(3) Iren. i. 22 and 24 (against the opinions of Saturninus and Carpocrates), comp. ii. 2, p. 117: Si enim (Deus) mundi fabricator est, angelos ipse fecit, aut etiam causa creationis eorum ipse fuit. iii. 8. 3: Quoniam enim sive angeli, sive archangeli, sive throni, sive dominationes ab eo, qui super omnes est Deus, et constituta sunt et facta sunt per verbum ejus. Comp. also iv. 6. 7: Ministrat ei (patri) ad omnia sua progenies et figuratio sua, i.e. Filius et Spir. S., verbum et sapientia, quibus serviunt et subjecti sunt omnes angeli. Comp. Duncker, s. 108 ff., and Baur, Trin.-Lehre, s. 175. The latter, from the manner in which the earliest Fathers frequently bring the angels into close connection with the persons of the Trinity, sees evidence that their views respecting this great mystery itself were yet very indefinite. Origen, however, teaches with reference to the passage in Job xxxviii. 7, in his Comm. on Matt. xviii. 27 (Opp. iii. p. 692), that angels, although created, yet belong to an earlier creation.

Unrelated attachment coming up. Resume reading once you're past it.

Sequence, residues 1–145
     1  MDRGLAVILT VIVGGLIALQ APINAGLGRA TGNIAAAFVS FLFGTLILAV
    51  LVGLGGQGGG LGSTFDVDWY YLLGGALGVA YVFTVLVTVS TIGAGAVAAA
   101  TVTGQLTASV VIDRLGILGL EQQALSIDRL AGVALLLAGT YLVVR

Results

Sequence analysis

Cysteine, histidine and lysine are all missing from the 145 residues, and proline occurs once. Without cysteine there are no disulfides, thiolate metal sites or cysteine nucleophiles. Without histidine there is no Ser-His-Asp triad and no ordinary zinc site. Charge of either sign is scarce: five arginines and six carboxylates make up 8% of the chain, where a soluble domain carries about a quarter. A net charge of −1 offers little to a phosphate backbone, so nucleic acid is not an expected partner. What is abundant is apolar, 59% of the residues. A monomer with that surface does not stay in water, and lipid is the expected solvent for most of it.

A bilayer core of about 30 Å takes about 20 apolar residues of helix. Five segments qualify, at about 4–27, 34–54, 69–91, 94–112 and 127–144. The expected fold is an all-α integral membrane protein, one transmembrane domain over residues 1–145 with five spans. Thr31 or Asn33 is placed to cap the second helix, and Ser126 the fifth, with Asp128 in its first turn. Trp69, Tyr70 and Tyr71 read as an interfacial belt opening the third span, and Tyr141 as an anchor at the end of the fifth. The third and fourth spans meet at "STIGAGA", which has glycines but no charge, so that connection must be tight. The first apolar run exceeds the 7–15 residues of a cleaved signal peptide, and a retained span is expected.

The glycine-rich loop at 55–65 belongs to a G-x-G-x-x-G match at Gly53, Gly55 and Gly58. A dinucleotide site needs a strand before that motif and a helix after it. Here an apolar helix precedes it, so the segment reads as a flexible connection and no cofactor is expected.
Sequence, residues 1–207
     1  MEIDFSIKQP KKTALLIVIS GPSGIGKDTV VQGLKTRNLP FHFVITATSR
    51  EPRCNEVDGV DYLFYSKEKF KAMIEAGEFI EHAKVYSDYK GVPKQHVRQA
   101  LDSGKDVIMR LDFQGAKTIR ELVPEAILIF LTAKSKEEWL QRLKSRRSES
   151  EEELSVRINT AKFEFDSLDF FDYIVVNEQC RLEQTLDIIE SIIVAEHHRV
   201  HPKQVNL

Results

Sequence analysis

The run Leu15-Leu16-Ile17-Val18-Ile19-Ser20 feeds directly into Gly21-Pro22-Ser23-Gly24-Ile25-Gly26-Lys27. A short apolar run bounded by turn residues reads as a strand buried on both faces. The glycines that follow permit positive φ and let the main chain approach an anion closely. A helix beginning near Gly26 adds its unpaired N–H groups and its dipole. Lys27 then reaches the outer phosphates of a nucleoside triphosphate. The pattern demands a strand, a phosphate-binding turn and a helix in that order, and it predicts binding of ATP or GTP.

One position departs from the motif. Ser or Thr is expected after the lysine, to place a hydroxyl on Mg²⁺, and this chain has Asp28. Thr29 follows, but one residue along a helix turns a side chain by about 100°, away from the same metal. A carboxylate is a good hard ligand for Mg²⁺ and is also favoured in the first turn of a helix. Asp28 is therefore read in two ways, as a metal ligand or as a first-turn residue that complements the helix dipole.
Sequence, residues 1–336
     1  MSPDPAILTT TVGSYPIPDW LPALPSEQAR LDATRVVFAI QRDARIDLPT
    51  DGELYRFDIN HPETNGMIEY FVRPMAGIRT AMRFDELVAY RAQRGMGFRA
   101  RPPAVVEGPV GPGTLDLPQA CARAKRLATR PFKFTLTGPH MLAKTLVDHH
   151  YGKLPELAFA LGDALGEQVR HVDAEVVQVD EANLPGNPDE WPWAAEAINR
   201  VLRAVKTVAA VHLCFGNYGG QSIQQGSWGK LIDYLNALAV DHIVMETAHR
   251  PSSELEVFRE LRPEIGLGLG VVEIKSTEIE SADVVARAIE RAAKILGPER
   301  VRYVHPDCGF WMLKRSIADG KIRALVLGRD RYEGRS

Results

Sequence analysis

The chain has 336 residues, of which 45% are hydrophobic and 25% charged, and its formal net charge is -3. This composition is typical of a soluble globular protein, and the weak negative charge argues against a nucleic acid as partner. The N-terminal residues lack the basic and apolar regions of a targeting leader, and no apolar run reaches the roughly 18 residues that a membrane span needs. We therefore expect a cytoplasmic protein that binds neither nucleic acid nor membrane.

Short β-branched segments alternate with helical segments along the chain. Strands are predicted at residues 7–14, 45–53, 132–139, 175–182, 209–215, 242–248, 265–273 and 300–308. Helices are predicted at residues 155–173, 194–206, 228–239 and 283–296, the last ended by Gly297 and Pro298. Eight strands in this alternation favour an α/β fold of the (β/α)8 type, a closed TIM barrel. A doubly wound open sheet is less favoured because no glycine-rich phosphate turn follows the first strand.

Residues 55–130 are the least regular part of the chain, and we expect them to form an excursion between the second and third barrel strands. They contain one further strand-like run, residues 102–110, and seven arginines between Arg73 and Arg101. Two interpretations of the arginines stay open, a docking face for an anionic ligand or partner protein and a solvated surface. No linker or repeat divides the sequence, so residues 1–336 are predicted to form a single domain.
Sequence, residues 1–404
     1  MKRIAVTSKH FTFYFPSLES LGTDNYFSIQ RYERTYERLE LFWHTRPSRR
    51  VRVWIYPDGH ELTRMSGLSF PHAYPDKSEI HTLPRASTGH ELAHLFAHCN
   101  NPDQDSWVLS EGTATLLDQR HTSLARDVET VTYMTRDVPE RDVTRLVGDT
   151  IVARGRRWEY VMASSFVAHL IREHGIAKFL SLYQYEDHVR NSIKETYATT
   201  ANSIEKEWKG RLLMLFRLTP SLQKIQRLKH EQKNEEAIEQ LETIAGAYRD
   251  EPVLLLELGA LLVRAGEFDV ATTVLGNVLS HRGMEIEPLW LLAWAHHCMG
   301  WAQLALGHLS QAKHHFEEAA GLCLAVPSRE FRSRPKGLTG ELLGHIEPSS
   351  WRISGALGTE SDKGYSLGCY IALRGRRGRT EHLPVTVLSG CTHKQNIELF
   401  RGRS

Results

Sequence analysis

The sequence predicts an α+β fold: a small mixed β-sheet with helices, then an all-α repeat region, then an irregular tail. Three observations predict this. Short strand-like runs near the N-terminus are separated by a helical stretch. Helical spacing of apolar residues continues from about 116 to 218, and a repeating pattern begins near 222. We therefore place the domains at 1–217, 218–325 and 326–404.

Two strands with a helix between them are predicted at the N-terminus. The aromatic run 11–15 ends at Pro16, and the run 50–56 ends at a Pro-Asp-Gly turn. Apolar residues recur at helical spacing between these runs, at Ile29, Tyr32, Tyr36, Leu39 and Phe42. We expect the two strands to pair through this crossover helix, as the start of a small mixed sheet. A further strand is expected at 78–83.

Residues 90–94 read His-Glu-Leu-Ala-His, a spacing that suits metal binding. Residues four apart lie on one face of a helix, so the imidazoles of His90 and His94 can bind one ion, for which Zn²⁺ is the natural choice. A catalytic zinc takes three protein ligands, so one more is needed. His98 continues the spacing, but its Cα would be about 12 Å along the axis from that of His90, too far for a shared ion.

(4) “Justin M. regards the angels as personal beings who possess a permanent existence," Semisch, ii. s. 341. Dial. c. Tryph. c. 128: "Otɩ μèv ovv eioìv äyyeλoi, kaì ảeì pévovtes, καὶ μὴ ἀναλυόμενοι εἰς ἐκεῖνο, ἐξ οὗπερ γεγόνασιν, ἀποδέδεικται. . . . Athenagoras, Leg. c. 10: Πλῆθος ἀγγέλων καὶ λειτουργῶν φαμεν, οὓς ὁ ποιητὴς καὶ δημιουργὸς κόσμου θεὸς διὰ τοῦ παρ ̓ αὐτοῦ λόγου διένειμε καὶ διέταξε περί τε τὰ στοιχεῖα εἶναι καὶ τοὺς οὐρανοῦς καὶ τὸν κόσμον καὶ τὰ ἐν AVTỆ Kai TηV TOÚTWV EȧTažíaV. Comp. c. 24, and Clem. Strom. vi. 17, p. 822, 824; according to him, the angels have received charge over provinces, towns, etc. Clement, however, distinguishes the ǎyyeλos (singular), nin, from the other angels, and connects him in some degree with the Logos, though assigning to him an inferior rank. Comp. Strom. vii. 2, p. 831-833. He also speaks of a mythical Angelus Jesus, Pæd. i. 7, p. 133, comp. G. Bulli, Def. Fidei Nic. § 1, c. 1 (de Christo sub angeli forma apparente). Opp. Lond. 1703, fol. p. 9. [Pye Smith, Scripture Test. to the Messiah, i. p. 445-464.]-On the employments of angels, Origen can already